According to various state laws, medical marijuana can be used for treatment of other debilitating medical conditions, such as decompensated cirrhosis, amyotrophic lateral sclerosis, Alzheimer's disease, and post-traumatic stress disorder. Not all states that approve of medical marijuana have enacted laws to allow its use for all of these conditions. Another difference between states - the amount of marijuana for medical use that can be possessed by the individual patient or primary caregiver varies, but may include dried marijuana and live plants.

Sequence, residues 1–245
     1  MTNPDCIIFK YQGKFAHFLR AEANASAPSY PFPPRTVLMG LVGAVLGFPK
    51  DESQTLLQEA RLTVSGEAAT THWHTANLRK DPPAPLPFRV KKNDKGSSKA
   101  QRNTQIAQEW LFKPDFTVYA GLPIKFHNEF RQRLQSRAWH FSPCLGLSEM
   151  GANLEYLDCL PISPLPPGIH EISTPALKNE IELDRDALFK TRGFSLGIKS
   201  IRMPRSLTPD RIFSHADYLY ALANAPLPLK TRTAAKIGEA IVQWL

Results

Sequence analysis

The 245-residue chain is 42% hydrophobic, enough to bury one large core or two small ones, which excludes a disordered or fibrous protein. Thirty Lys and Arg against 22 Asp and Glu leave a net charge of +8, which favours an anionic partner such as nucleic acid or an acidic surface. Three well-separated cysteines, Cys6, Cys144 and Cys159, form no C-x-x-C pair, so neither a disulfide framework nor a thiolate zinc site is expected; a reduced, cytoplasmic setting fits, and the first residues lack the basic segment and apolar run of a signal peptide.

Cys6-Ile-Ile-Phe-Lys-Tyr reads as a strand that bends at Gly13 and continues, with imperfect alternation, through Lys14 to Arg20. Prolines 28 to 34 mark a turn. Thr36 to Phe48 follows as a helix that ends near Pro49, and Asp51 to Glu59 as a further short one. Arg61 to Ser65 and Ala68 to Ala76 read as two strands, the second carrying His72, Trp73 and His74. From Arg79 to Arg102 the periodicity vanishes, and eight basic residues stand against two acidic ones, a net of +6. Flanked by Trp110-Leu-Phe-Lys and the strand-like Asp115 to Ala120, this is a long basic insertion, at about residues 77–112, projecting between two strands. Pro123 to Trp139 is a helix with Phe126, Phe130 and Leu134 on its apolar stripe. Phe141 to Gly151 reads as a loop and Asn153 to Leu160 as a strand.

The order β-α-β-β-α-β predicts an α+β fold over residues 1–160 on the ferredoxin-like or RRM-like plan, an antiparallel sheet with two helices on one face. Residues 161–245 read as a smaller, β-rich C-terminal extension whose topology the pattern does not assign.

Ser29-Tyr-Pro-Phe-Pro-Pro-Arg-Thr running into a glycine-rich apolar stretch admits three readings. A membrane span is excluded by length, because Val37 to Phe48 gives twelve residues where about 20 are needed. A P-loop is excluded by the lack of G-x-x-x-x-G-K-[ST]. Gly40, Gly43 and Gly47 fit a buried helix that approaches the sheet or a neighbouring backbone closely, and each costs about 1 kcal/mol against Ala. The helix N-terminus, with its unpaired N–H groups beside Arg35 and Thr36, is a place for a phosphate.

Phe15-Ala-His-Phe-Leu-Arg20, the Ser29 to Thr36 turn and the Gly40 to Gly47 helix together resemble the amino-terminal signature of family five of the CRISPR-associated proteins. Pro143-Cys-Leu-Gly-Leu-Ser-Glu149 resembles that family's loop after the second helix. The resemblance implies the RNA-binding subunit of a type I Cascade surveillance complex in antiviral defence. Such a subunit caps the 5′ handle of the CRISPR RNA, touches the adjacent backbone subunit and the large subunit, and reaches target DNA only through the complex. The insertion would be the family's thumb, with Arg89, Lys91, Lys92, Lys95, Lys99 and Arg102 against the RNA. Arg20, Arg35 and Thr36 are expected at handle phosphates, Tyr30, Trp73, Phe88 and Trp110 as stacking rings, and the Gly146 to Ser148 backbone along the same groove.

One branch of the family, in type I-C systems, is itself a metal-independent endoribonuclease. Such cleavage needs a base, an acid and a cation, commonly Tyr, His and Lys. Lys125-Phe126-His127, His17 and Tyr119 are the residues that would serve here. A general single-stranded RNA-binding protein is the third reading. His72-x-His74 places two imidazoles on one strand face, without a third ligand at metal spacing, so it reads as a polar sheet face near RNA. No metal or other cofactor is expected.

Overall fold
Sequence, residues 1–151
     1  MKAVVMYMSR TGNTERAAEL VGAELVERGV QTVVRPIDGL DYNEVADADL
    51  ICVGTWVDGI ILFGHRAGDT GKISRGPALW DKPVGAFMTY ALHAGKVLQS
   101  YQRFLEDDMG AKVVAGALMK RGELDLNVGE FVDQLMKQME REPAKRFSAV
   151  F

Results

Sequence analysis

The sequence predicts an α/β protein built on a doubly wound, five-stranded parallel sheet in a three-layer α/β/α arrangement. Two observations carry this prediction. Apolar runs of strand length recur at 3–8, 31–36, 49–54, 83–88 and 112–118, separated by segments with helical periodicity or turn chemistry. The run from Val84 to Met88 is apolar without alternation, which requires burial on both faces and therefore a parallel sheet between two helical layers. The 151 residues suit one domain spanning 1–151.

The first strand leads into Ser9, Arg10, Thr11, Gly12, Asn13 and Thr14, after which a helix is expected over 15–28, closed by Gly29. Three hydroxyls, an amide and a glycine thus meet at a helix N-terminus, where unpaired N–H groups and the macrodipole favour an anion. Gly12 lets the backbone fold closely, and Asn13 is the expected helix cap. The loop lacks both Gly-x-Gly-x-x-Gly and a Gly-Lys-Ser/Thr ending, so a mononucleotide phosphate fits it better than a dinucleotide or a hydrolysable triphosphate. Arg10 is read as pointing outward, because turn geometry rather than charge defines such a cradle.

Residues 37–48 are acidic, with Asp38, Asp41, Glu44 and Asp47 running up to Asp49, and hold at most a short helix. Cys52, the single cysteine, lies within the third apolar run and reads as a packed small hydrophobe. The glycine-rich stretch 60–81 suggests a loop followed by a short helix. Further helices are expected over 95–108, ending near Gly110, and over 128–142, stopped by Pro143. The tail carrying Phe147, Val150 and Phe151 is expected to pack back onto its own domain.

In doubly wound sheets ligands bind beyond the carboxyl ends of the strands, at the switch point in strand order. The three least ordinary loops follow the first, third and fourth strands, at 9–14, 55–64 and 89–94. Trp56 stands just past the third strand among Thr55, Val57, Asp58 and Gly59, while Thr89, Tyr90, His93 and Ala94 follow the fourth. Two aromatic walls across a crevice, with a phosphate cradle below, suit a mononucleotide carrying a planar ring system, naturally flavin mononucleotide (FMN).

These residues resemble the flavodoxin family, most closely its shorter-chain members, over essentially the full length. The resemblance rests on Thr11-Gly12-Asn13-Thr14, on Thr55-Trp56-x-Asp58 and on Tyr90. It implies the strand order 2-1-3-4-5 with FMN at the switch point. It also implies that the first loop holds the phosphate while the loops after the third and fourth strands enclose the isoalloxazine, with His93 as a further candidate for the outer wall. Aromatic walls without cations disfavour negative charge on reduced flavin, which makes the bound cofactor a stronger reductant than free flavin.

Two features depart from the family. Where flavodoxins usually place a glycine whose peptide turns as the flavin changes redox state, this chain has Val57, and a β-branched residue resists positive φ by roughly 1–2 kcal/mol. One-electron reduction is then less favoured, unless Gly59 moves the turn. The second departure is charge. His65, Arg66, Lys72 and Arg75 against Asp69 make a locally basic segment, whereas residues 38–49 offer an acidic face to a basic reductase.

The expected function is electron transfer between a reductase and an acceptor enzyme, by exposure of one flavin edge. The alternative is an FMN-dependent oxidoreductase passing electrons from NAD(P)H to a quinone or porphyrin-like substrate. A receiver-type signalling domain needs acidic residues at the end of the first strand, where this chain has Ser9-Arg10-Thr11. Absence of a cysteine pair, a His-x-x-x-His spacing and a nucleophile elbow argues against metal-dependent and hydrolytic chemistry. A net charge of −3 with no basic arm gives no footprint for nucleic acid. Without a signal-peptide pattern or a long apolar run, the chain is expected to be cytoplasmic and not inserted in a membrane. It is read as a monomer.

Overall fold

Cannabis smoke contains thousands of organic and inorganic chemical compounds. This tar is chemically similar to that found in tobacco smoke,  and over fifty known carcinogens have been identified in cannabis smoke,  including; nitrosamines, reactive aldehydes, and polycylic hydrocarbons, including benz[a]pyrene.  Light and moderate use of cannabis is not believed to increase risk of lung or upper airway cancer. Evidence for causing these cancers is mixed concerning heavy, long-term use. In general there are far lower risks of pulmonary complications for regular cannabis smokers when compared with those of tobacco.  Combustion products are not present when using a vaporizer , consuming THC in pill form, or consuming cannabis edibles .